Concerns over designating the sage grouse as “endangered” have been scaring off bidders for oil and gas leases in Nevada. Energy companies are concerned that an endangered status for these birds would render drilling or fracking in the region unfeasible.

The spending bill blocks federal funds being used for determining whether the Gunnison sage grouse or Greater sage grouse are eligible to be registered under the Endangered Species Act. Both birds are native to the western U.S., and are caught in the middle of a decades-long fight between environmentalists, energy companies, and ranchers.

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Although $15 million is included for the Bureau of Land Management for sage grouse habitat conservation, the National Audubon Society is not happy about the outcome. Brian Rutledge, Audubon’s VP and Policy Director, said, “The priority right now is to get science-based, state-level conservation plans in place that are effective enough to avoid a federal listing for the Greater Sage-Grouse in the first place.”

Audubon Policy Director Rutledge continued, “This rider will only complicate coordination between the BLM and statehouses and stems entirely from political chicanery, ignoring scientific input and voices across the Mountain West that want strong plans in place.”

5. Prohibited Spending on Lead Ammunition Restrictions

Although the U.S. banned the use of lead ammunition in 1991 for hunting water birds, no further restriction have managed to pass. Lead ammunition for hunting land birds and animals is still unrestricted, and this is unlikely to change. In spite of California’s recent ban on lead in hunting ammunition, the new federal spending bill prohibits funds from being spent on regulating lead for hunting and fishing purposes.

ThinkProgress.org points out that, while not the worst rider in the bill, the lead harms birds and other scavengers preying on bullet-ridden carcasses left in the woods. California’s ban, enacted last year, was prompted by efforts to protect wildlife, including the state’s rare California condor.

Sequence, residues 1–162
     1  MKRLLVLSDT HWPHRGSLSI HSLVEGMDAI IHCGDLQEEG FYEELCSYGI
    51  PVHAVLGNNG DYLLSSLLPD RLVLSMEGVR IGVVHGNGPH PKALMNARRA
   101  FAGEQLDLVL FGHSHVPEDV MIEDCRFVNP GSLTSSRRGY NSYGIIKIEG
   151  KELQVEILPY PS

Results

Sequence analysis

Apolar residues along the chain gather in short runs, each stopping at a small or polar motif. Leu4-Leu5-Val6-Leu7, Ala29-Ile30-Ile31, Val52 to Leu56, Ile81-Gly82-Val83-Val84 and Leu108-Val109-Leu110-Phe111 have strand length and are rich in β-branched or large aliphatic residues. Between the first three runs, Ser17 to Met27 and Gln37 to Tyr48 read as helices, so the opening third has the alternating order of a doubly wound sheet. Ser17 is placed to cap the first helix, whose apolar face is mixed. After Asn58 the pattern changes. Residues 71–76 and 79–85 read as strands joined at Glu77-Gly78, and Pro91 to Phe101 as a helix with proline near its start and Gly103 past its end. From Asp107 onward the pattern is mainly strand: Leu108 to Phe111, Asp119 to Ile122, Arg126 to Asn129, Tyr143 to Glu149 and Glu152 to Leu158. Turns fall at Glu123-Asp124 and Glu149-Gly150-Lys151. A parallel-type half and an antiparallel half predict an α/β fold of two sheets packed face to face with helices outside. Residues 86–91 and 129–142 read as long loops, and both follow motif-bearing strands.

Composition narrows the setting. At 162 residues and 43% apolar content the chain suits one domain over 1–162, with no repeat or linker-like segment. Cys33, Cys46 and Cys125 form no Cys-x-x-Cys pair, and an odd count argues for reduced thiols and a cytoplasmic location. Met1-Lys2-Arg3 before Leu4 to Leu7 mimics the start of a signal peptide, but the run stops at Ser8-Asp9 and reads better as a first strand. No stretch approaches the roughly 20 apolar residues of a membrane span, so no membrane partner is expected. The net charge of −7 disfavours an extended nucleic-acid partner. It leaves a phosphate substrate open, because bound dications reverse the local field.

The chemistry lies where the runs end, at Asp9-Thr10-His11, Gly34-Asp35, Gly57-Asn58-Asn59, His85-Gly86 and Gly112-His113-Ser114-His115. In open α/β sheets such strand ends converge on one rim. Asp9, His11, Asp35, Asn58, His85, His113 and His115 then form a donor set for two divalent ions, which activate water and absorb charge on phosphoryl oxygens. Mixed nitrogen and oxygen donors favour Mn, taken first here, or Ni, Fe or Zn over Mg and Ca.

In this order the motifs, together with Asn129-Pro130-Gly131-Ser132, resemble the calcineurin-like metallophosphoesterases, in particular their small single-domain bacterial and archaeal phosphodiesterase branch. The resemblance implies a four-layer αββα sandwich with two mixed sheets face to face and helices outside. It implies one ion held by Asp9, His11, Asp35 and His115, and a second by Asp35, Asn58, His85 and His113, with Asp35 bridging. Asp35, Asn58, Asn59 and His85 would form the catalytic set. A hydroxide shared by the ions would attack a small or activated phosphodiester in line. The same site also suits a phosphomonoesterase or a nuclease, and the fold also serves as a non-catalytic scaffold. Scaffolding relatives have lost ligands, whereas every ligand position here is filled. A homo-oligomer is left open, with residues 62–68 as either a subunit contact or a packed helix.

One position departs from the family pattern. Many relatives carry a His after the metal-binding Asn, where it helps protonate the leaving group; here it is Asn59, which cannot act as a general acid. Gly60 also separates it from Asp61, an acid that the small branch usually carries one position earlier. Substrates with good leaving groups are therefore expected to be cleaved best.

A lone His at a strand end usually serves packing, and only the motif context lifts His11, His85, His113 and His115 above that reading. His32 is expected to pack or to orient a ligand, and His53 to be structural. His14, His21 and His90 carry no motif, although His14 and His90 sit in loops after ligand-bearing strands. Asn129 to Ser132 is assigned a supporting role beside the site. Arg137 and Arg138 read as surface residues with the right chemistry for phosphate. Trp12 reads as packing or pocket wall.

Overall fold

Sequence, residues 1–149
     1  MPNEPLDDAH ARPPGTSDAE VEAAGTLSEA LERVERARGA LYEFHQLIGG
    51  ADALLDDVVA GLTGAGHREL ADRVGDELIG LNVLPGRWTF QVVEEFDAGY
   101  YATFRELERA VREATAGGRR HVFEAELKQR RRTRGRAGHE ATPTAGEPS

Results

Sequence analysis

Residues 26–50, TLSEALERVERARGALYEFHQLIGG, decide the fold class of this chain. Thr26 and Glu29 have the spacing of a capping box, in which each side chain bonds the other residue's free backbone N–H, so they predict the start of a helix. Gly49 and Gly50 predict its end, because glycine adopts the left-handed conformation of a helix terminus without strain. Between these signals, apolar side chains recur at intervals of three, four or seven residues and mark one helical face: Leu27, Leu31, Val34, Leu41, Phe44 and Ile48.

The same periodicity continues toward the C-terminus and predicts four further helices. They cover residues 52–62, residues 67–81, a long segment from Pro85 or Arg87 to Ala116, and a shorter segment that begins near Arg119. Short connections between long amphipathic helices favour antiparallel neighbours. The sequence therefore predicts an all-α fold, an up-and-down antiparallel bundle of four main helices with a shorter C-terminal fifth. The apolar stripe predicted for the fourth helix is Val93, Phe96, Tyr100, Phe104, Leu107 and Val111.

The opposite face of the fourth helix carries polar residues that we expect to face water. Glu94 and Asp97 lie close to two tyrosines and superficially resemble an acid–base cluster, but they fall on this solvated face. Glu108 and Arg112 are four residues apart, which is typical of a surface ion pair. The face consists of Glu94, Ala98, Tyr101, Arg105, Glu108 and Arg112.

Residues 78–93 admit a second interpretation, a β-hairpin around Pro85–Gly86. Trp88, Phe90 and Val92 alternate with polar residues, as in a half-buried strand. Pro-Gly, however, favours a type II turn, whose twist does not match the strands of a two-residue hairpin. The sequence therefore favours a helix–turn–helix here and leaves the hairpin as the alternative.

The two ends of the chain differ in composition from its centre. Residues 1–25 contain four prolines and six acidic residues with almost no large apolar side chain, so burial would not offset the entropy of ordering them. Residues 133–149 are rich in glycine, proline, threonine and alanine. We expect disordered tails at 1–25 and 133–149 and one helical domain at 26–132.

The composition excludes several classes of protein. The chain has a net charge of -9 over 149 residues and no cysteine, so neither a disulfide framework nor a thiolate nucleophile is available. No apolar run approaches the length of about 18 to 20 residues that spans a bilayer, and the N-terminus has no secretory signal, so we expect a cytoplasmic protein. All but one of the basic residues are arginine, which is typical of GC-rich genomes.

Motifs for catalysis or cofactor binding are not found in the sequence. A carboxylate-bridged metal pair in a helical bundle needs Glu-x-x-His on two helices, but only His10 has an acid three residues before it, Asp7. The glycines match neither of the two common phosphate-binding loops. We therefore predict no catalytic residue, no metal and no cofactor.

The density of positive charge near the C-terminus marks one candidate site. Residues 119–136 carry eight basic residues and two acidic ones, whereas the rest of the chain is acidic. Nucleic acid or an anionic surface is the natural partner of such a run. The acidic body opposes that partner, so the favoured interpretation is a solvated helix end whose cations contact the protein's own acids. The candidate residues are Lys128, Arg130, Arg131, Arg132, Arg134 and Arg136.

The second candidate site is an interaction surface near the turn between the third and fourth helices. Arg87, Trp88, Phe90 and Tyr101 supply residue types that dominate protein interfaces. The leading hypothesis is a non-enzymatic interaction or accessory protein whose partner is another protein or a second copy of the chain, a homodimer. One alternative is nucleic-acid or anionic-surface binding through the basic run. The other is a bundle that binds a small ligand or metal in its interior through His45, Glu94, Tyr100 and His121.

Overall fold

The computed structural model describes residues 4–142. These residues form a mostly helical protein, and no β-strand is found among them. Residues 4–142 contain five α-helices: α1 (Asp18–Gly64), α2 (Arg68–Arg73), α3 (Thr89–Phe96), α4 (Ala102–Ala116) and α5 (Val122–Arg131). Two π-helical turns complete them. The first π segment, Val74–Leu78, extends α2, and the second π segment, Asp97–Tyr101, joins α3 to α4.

6. Prohibited Spending on Light Bulb Efficiency

In a never-ending fight against a 2007 law implementing light bulb efficiency, as Mother Jones reports, conservatives have tucked this provision into the new spending bill. The federal government is prohibited from provide funding to “implement or enforce” standards for light bulb efficiency.

The new Congress probably won’t need any light bulbs at all. Back-room dealings and 2:30 a.m. Senate sessions have never held up well under bright light. But in the final analysis, disregarded efficiency usually howls like a wolf under the light of a full moon. I wonder how the story will play out under the hot, blazing sun.

“Even in the United States Senate…”

As John Kerry pointed out recently regarding climate change, “This is pretty logical stuff.” He continued, “and it’s astounding to me that even in the United States Senate and elsewhere, we have people who doubt it.”

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About the Author

Aisha Abdelhamid is a native of Long Beach, California, residing in Egypt. Besides being the Site Director and a writer for InspiredEconomist.com, she also writes for PlanetSave.com and EdenKeeper.org. A retired Computer Engineer with the U.S. Dept. of Defense, her latest work published for the DoD was "Personal Financial Management." Commissioned by Congress, this award winning 10-course training set is hosted by NFL Hall of Famer Ronnie Lott, and is mandatory financial training for every branch of the US Military.
  • Scott Cooney

    Amazing and disgusting. Goes to show that until we have enough money in sustainability, we won’t be able to buy and sell politicians the way other industries can. We don’t have money to clean up toxic sites right on our own soils, but we have plenty to go around for a war in Iraq that lasts 10 years.